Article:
The “economics profession” has become yet another propaganda tool for TPTB. It has only been through the internet that this tribe and their preeminence has been questioned. Thanks NC … but more is needed …

    1. JEHR

      And Canada is in the unfortunate position of having an economist as the Prime Minister! Can things get any worse? I can plainly see that his “economic modl” does not contain environmental risks or how money really works. Will Canada survive?

  4. paul

    There was a very convincing computer model recently of a panda who could talk and was a highly skilled martial artist, yet the organic versions do not seem to conform to these.
    The former was clearly superior, the latter lazy and ill adapted to the modern world.
    More research must be done to find an example that matches the model.
    This will obviously require hard choices about funding research etc etc.

  5. jrs

    “Anthropologists had long recognised that tribal structures — indeed, all cultural structures — require norms and myths which to live by. Myths are stories that give life meaning, while norms are somewhat like laws or prohibitions. ”

    American myths make life *MEANINGLESS* at least if you aren’t a “winner” (which is definitely not strictly about money as some would say, but money plays a part). One answer is getting depressed about that. The other is that contentment and meaning may require a complete mental rejection of all American cultural (I mean the whole culture not just the “right” or the “left”) myths especially if you aren’t a “winner”. And I’m only talking about earthly meaning, but some turn to religion, which is at least better than American myths in making life for non-wininers meaningful. Secularist who don’t even understand *that* offer equal meaninglessness.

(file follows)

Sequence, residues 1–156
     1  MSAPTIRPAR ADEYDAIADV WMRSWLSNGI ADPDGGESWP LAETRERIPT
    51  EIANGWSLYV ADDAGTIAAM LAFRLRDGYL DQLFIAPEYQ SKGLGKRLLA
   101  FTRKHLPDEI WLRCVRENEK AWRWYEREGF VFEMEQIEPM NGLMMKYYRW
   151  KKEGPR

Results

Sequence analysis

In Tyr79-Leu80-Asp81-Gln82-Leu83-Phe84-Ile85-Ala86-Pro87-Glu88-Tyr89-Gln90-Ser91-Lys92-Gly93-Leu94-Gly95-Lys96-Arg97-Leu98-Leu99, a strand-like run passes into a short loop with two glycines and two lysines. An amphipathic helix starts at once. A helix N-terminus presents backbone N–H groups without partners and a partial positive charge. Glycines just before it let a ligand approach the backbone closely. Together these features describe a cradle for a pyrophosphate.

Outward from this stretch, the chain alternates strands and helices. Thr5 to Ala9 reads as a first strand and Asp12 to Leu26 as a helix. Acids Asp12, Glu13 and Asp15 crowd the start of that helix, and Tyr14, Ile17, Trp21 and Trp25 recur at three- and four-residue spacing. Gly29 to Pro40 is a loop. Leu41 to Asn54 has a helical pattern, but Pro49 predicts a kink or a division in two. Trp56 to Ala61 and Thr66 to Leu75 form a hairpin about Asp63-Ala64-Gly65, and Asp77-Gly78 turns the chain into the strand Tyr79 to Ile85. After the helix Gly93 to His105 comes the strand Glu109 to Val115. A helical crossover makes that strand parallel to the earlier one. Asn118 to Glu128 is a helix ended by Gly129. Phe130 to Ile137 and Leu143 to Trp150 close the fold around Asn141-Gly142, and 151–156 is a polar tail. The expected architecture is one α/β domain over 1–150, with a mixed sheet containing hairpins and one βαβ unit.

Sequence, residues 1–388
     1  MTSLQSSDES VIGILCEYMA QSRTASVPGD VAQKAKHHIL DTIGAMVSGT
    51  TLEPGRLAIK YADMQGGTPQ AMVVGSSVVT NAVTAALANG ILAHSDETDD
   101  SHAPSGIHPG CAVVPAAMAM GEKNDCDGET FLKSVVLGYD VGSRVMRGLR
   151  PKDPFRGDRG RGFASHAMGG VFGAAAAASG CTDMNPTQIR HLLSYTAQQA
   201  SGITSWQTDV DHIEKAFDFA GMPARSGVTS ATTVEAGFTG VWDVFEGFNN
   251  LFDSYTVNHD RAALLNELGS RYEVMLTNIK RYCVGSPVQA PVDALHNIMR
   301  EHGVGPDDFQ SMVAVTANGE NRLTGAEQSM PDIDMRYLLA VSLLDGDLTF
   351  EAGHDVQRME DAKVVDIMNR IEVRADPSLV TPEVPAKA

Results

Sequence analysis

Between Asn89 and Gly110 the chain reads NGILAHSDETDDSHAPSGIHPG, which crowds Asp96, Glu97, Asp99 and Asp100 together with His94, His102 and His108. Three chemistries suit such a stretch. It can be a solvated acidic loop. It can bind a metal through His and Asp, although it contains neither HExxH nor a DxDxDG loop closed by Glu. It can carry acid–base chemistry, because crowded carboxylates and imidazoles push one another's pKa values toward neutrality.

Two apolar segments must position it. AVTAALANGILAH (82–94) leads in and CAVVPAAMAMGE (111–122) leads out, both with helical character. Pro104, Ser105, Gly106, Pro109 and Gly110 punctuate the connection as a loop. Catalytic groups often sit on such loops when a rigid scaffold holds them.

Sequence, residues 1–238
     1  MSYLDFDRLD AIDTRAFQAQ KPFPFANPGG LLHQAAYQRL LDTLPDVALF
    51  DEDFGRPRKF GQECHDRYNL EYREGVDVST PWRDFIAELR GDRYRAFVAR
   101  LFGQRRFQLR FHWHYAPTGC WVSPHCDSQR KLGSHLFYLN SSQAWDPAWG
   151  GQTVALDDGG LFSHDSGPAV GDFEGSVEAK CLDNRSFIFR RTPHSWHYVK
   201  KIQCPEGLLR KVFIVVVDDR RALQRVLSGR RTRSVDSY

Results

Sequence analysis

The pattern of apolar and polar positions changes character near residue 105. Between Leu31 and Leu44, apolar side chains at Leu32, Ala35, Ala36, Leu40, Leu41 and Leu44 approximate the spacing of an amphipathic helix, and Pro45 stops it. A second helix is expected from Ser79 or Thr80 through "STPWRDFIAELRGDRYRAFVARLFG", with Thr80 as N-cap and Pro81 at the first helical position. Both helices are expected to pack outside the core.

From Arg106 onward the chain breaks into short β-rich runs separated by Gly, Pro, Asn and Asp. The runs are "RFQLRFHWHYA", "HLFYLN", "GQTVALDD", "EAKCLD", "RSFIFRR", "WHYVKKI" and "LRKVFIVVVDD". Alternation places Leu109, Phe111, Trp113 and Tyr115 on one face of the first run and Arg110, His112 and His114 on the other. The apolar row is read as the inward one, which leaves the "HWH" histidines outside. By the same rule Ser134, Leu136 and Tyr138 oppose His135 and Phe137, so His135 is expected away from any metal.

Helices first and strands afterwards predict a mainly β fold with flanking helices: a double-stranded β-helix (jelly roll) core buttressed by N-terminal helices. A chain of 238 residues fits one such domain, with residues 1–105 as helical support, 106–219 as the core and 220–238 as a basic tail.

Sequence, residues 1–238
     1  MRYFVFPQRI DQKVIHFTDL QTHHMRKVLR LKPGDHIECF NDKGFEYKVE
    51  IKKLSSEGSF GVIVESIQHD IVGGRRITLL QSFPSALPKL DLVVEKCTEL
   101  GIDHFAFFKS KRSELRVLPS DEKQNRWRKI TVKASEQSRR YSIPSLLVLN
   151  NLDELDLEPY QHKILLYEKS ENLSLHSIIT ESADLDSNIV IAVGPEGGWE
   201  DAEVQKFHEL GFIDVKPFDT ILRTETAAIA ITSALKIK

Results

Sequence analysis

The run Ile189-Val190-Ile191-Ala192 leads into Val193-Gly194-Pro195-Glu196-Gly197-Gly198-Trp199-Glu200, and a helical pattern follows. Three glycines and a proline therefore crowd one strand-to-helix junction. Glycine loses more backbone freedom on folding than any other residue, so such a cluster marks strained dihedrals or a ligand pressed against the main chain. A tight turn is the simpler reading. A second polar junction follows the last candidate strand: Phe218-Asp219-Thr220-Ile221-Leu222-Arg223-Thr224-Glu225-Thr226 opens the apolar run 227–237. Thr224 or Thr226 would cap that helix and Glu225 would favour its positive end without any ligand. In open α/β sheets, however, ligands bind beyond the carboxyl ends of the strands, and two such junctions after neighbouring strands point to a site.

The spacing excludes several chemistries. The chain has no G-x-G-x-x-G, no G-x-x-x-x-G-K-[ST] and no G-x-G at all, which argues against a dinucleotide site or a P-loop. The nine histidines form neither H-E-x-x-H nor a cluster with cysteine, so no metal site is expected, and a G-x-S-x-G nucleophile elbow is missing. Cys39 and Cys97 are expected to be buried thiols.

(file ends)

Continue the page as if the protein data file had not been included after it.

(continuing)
“The bricoleur is not a person conceived of acting in line with a plan or toward a goal. For example, if I go to the shop, buy foodstuffs and cook food I obviously have a plan and a goal. A bricoleur — or, more accurately, a person partaking in the process of ‘bricolage’ — just throws things together in line with how he or she sees fit. There is no real point to the activity but it persists in all human cultures and makes up a key component of our cultural organisation”.

    So what Graeber with a play-ethic called play. Wait is he the well known anthropologist? But I though he was a well known anarchist!

    “This is what I mean by the fact that the economists have come to believe their own fictions. It is very strange stuff altogether. They build the models based on the a priori assumptions that they hold. Seemingly they then forget these assumptions.”